Evelyn Mitchell, corporate communications spokesperson, told KSDK-TV that "Regions is aware of a potential Internet service disruption that may temporarily impact our customers' ability to access our website or use our online banking service." She said no customer information can be accessed or compromised.
On Tuesday, Midwest BankCentre reported it had identified 109 loan applicants who had personal information exposed as a result of a security breach.
MidwestCentre Bank officials say they're in the process of contacting the affected individuals by phone or overnight mail to provide them with enrollment details for one free year of the LifeLock Ultimate service. The Secret Service and the FBI investigations into the data breach are ongoing.
Alton Fire Chief Rich Mersinger says a Bethalto man was burned on his face and heads when a cigarette he was smoking ignited his oxygen tank.
The (Alton) Telegraph reports the man, described only as in his mid-50s, was injured Wednesday.
Mersinger says the victim appeared to have suffered first- and second-degree burns.
The man was treated at the scene before being taken to an Alton hospital. His medical status is not immediately clear.
Mersinger considers the case a reminder that people should refrain from smoking when they're using oxygen or are indoors where it's in use. He says oxygen is a fire hazard.
Midwest BankCentre continues to respond to the security incident involving more than 100 loan applications.
Bank officials say they're in the process of contacting the affected individuals by phone or overnight mail to provide them with enrollment details for one free year of the LifeLock Ultimate service.
The Secret Service and the FBI investigations into the data breach are ongoing.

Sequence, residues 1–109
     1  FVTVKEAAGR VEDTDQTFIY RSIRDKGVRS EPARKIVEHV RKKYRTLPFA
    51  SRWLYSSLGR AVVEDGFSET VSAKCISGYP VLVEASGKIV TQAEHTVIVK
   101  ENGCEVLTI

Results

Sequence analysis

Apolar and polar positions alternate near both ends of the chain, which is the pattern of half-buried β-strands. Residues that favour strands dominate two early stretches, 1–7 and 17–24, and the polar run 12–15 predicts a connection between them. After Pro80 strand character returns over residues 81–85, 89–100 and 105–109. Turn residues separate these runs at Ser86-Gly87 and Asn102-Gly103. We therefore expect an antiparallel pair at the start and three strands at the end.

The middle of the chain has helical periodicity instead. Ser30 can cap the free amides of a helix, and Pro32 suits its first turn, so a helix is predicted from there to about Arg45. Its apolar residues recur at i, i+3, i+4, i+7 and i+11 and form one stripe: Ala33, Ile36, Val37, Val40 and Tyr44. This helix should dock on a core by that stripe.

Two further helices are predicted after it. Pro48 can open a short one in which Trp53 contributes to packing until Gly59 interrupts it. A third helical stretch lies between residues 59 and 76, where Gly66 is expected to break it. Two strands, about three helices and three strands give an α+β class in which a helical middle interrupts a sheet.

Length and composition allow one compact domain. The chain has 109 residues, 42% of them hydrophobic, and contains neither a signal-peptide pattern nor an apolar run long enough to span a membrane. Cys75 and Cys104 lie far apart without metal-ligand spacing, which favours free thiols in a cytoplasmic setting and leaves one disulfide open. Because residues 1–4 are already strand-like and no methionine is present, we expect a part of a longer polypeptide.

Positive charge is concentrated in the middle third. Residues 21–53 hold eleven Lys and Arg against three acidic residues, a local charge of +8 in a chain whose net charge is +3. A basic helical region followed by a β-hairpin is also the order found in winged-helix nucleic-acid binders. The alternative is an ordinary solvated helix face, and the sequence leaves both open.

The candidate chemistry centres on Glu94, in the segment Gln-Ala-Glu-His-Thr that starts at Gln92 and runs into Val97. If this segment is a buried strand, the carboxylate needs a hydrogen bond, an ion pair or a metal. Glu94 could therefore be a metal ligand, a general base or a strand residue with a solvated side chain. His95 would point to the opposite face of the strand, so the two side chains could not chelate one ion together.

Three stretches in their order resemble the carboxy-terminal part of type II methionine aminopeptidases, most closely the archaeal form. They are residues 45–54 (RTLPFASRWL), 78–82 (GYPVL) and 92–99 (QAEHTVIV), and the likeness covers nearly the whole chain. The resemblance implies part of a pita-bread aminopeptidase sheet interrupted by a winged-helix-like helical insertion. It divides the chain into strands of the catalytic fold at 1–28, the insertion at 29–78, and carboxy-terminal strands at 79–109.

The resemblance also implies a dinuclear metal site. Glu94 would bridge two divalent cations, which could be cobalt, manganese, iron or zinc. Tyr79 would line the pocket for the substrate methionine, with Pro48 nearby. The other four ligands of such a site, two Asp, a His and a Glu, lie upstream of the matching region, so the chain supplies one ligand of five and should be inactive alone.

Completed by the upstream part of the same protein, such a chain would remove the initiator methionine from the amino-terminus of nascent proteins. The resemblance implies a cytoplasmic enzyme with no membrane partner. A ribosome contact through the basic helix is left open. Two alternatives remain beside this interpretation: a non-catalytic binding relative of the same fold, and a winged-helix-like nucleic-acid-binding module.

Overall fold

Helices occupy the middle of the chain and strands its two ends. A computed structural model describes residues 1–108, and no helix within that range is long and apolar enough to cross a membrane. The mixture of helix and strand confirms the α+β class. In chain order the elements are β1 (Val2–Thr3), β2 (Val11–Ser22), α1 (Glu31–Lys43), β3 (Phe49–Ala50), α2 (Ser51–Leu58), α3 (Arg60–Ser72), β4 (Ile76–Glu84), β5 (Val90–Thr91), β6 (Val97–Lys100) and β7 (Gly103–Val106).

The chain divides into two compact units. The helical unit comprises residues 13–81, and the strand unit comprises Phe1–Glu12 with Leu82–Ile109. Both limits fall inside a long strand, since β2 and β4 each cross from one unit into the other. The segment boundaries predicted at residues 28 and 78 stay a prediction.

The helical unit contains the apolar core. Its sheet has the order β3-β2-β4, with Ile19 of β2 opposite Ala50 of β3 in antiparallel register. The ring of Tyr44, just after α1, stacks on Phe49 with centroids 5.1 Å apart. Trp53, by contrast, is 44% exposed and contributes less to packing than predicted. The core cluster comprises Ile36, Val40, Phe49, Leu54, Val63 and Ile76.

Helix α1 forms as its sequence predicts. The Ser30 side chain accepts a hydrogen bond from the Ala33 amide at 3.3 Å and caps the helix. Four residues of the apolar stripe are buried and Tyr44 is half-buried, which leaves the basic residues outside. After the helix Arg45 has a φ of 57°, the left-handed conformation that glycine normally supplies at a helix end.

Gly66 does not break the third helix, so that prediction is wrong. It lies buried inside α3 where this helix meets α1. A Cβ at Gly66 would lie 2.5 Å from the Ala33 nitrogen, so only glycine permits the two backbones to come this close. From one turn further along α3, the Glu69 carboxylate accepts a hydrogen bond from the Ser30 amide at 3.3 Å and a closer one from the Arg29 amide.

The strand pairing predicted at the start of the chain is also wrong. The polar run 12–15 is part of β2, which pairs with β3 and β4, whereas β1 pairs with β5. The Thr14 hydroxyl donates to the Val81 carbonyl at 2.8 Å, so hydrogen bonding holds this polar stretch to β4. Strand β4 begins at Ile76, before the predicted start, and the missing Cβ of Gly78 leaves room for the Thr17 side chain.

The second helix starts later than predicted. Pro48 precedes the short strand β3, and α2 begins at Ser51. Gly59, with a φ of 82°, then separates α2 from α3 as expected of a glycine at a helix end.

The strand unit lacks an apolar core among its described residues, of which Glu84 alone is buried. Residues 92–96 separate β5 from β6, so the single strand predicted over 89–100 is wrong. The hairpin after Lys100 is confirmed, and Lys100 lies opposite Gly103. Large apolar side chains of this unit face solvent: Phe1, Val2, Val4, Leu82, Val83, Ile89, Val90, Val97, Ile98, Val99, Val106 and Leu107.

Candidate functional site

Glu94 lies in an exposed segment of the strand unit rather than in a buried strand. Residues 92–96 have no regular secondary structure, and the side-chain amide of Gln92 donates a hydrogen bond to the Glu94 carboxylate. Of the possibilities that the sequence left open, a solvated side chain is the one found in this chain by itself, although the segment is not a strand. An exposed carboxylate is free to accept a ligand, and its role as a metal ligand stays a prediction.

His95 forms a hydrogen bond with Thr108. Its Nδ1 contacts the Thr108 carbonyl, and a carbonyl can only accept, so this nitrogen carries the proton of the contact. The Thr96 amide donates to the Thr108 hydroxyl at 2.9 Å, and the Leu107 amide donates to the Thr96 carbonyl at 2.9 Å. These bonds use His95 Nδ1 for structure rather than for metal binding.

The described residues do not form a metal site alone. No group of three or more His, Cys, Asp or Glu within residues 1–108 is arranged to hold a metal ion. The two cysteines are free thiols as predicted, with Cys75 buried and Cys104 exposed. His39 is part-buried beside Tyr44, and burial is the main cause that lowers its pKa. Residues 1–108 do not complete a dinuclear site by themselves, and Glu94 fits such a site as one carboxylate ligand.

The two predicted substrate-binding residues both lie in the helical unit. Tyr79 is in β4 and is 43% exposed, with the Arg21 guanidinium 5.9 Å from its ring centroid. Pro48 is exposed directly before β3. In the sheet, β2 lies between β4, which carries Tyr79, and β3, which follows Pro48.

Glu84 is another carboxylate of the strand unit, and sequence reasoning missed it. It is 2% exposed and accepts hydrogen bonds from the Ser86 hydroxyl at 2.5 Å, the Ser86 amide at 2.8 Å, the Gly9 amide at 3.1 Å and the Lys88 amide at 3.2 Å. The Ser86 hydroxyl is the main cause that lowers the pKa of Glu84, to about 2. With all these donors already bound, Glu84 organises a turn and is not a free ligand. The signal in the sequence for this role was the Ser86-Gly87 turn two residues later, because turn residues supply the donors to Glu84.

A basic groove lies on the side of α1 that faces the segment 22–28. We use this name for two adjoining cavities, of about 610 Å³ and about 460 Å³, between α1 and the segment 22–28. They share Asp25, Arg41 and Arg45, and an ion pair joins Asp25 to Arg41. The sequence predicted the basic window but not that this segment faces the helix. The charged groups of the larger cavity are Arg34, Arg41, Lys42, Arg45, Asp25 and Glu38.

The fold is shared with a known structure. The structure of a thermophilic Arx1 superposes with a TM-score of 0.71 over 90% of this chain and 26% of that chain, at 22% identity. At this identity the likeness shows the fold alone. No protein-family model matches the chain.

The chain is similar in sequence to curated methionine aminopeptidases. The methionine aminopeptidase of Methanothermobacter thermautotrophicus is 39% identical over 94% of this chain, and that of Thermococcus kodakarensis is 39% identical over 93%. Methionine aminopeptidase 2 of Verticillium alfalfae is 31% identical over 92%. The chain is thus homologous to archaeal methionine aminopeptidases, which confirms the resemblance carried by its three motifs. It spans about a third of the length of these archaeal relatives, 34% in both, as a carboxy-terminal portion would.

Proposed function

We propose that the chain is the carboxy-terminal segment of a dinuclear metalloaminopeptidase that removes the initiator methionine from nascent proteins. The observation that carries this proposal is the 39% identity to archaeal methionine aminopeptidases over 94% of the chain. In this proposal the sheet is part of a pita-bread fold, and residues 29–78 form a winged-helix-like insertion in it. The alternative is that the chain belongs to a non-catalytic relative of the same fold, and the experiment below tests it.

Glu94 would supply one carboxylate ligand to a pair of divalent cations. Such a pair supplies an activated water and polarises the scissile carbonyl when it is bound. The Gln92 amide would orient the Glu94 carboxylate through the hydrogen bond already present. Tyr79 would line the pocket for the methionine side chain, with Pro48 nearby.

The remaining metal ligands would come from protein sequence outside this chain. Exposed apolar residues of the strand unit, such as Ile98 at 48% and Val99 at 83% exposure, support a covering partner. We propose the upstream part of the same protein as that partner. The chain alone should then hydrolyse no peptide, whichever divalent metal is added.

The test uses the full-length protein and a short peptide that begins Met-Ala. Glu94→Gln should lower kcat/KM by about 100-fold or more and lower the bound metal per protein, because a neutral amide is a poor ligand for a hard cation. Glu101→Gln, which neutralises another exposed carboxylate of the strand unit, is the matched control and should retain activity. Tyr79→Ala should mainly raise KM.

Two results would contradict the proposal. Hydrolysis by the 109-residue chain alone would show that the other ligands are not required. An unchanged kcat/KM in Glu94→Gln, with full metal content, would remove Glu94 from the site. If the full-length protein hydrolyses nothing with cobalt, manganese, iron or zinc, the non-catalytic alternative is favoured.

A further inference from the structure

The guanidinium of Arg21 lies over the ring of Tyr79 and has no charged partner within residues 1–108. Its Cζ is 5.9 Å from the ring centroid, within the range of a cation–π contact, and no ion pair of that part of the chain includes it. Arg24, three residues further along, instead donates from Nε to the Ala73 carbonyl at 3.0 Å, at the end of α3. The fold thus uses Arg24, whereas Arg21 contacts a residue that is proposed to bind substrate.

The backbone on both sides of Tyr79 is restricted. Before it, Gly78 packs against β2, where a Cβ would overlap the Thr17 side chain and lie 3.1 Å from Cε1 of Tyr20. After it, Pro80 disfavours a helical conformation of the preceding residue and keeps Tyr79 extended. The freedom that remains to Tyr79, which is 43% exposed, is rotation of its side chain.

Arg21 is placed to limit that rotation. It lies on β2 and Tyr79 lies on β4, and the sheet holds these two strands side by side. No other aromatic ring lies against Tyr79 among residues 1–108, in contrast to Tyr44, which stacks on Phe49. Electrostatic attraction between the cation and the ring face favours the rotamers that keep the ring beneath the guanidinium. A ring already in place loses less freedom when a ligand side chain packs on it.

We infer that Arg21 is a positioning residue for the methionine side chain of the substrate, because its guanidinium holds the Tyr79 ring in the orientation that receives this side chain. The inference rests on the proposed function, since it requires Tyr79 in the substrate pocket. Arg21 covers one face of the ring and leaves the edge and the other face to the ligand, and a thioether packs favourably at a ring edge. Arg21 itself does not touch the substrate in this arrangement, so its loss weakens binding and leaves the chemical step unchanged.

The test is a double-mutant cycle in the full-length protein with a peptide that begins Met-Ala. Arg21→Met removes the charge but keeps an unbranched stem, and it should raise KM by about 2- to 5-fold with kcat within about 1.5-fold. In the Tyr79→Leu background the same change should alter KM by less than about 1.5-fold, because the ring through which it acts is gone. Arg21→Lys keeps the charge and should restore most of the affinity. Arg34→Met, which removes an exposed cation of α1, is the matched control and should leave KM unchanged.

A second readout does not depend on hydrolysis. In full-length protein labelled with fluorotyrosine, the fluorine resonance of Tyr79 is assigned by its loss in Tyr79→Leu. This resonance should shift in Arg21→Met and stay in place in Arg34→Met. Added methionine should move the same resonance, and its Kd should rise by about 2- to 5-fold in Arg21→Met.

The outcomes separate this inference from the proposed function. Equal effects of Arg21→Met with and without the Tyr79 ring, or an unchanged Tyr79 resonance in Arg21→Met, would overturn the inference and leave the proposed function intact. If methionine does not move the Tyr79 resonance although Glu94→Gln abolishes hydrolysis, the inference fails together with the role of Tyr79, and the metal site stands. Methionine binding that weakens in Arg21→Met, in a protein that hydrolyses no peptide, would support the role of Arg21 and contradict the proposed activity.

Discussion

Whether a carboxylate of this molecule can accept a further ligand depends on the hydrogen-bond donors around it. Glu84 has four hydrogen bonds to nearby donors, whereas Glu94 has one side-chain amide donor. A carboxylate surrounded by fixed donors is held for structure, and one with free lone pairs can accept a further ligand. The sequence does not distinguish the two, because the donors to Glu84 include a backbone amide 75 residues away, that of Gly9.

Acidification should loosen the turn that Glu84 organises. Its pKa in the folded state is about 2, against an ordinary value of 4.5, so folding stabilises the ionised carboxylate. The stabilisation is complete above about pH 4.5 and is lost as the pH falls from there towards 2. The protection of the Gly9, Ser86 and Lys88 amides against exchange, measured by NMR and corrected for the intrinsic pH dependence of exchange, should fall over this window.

Bank officials say their own investigation is also underway. They are encouraging customers with any questions about the breach or the LifeLock offer to call.
Some schools initially closed after Wednesday night's storms will be open today.
Shenandoah Elementary School in Chesterfield will hold classes today, despite roof damage. Parkway District officials say some students will meet in different classrooms until repairs are made.
Some schools in the Hazelwood district will also be back open today, but several other remain closed. Classes are cancelled at Hazelwood West High School, West Middle School, McNair Elementary, Russell Elementary, Armstrong Elementary, and West Early Childhood Center. After school activities are also cancelled.
The Internal Revenue Service is warning metro-east tax-filers about a scam that could cost them.
IRS officials in Illinois say phoney tax preparers are luring mostly low-income and non-English-speakers with promises of big tax refunds.
The scammers may appear very legitimate, often setting up shop in a storefront office. They use the victim's personal and financial information to file false tax returns, pocketing the money.
The victims don't get a refund, and some have lost federal benefits, like social security or veterans benefits because of the scams.
IRS officials say taxpayers should be wary of tax preparers who don't ask for proof of income and eligibility for credits and deductions.